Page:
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# I'm in, in, in, in, in a hurry

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# I really, really need to get to work

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# I'm in, in, in, in, in a hurry Hurry, hurry. #

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OK, so we're here. But before I can get down to some work,

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I have to change. So busy, busy, busy.

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All dressed and ready to go.

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Nine o'clock. Bang on time.

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-Hiya, Raymond.

-Bobby! Great to see you. Where are you going?

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-I'm off to see my mum. I've got a present for her.

-What is it?

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Well, I picked up a bargain in Nicholson's department store.

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-They were having a sale.

-Don't tell Tina. She loves sales.

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They're selling these electric kettles - two for the price of one.

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My mum needs a new kettle so I've got one for her and a spare one.

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I don't know what to do with it.

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-Perhaps Tina could use it in her garage for her tea breaks.

-You know,

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-Tina's kettle is on its last legs.

-Well, then.

-Well, yes, but...

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I was trying to convince her to buy a tea-making machine

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-so when she returns to the garage her tea will be ready.

-Good idea.

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But Tina hates new-fangled things.

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Well, give her this new but trusty old-style kettle.

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-How much do you want for it?

-A fiver should cover it.

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-And a cup of tea?

-Oh, done.

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Thanks.

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Are you not going to try your new kettle? Make sure it's working?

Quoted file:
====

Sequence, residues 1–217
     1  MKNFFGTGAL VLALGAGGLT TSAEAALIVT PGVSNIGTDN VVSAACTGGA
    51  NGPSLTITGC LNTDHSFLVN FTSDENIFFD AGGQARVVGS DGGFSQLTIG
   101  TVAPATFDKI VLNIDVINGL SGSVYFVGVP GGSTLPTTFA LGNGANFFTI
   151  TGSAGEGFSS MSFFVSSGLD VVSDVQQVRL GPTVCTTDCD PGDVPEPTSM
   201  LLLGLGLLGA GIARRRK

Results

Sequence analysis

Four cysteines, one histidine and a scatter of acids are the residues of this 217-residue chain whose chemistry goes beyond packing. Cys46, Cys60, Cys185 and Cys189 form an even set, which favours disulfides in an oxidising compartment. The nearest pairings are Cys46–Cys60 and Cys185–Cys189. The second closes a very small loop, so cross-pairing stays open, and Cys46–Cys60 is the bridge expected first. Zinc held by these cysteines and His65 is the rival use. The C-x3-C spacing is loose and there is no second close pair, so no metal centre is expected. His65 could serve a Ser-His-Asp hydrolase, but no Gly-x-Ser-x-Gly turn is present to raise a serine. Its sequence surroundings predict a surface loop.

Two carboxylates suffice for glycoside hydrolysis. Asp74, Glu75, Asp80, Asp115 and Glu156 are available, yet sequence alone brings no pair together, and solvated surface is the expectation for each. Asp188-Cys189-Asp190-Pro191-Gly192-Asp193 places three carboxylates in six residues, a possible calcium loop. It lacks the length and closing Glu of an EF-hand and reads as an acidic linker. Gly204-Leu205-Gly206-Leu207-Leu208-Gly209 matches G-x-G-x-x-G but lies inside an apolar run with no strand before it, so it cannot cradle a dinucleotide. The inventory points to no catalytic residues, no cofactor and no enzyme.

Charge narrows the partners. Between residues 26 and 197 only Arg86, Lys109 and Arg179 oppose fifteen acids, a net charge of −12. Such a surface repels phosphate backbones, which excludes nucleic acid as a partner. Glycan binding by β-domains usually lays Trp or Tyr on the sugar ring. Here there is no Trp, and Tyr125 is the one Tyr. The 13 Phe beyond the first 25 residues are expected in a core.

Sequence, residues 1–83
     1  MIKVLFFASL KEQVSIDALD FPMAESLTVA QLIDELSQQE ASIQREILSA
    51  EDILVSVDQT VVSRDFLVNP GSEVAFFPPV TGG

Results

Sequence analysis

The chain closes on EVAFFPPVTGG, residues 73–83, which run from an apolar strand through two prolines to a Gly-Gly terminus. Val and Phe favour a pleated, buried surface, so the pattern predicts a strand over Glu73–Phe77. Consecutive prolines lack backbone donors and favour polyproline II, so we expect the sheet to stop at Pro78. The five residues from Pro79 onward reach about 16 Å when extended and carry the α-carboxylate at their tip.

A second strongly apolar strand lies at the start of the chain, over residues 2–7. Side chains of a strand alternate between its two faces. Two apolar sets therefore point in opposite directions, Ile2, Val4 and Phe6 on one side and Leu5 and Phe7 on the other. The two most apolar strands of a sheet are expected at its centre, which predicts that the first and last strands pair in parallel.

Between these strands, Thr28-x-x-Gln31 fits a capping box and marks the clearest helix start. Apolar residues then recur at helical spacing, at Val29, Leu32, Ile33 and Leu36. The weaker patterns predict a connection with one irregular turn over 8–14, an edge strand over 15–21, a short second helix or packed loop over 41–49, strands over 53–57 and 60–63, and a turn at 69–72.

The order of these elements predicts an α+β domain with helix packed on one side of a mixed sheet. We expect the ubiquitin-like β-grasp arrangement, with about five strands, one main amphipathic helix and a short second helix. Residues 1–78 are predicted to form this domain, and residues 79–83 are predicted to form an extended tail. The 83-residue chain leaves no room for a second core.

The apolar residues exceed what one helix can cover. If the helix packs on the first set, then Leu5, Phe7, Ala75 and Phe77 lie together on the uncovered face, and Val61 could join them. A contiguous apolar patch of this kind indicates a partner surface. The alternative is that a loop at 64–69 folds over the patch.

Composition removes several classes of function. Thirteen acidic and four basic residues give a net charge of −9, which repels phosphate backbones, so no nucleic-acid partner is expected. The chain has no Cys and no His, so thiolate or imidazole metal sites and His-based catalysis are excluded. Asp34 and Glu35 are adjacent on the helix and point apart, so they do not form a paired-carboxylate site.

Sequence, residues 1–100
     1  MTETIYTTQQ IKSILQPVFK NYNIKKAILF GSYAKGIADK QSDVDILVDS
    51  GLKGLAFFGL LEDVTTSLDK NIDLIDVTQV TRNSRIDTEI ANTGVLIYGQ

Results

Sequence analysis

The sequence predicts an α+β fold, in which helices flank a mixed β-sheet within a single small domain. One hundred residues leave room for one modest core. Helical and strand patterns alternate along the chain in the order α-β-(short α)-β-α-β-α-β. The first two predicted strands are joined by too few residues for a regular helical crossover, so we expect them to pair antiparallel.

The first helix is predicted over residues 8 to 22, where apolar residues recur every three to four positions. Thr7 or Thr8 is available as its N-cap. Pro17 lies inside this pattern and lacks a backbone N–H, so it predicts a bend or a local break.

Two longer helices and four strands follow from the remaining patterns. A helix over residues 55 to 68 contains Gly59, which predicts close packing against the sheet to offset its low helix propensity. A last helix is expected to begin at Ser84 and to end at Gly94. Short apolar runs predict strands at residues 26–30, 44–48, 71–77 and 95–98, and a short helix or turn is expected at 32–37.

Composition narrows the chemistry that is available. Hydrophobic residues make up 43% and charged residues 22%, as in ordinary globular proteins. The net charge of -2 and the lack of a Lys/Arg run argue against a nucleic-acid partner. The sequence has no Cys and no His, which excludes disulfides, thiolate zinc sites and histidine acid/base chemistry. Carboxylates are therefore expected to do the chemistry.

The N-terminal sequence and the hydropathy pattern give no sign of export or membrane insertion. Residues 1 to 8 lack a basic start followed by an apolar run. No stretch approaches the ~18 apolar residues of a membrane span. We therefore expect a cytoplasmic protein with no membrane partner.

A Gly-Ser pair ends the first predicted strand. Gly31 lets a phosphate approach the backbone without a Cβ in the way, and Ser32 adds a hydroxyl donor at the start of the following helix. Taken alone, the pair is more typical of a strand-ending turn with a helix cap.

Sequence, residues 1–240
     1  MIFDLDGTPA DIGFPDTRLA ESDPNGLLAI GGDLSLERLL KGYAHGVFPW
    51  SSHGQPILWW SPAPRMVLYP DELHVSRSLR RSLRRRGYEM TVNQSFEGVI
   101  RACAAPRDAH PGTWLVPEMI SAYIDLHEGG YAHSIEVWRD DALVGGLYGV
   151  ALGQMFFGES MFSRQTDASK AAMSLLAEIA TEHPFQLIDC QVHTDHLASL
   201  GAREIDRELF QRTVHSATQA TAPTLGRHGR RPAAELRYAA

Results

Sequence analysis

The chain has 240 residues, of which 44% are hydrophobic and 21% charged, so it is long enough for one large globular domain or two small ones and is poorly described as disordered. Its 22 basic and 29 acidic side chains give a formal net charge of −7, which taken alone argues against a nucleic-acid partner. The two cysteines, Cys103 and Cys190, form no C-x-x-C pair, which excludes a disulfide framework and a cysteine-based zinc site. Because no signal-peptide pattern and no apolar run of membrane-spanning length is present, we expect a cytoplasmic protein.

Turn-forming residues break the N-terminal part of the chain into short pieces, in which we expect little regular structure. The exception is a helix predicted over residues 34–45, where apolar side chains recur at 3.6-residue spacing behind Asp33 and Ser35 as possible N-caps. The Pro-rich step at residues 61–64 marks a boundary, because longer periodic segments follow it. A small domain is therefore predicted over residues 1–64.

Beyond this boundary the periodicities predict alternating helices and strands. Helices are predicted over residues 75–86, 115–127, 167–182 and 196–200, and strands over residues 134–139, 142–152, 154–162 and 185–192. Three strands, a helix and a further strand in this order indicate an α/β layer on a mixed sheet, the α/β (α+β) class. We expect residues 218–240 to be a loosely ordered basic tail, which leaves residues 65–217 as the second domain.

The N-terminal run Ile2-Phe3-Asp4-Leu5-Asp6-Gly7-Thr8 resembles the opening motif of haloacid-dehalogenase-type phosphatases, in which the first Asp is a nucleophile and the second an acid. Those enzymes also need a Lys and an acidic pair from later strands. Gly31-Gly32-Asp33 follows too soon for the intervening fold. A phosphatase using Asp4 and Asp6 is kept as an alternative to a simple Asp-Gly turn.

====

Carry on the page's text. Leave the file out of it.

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Not when I've got my new chrome coffee and tea maker.

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The pride and joy of my buffet car!

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I don't think so. What kind of tea would you like?

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I've got English breakfast, Earl Grey, Assam, herbal infusions...

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-Just a regular teabag tea.

-Oh, right.

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Well, go and take a seat, please, and I'll get my machine warmed up.

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I wonder how you're doing, Lisa.

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# I love to skip in Riverseafingal

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# Riverseafingal, by the sea

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# I love to skip in Riverseafingal

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# Riverseafingal, that's for me. #

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Oh, this floor was needing a good brush, wasn't it, Lisa?

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You hold my old-fashioned dustpan

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and I'll sweep in the rubbish.

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What would your dad say about this?

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Are you having fun, Daddy?

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Coffee, please. Oh, certainly.

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What kind of coffee would you like? Filter coffee? Espresso?

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Americano? Cappuccino? Latte? Mocha latte or mochaccino? Or decaff?

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Just a black coffee, please.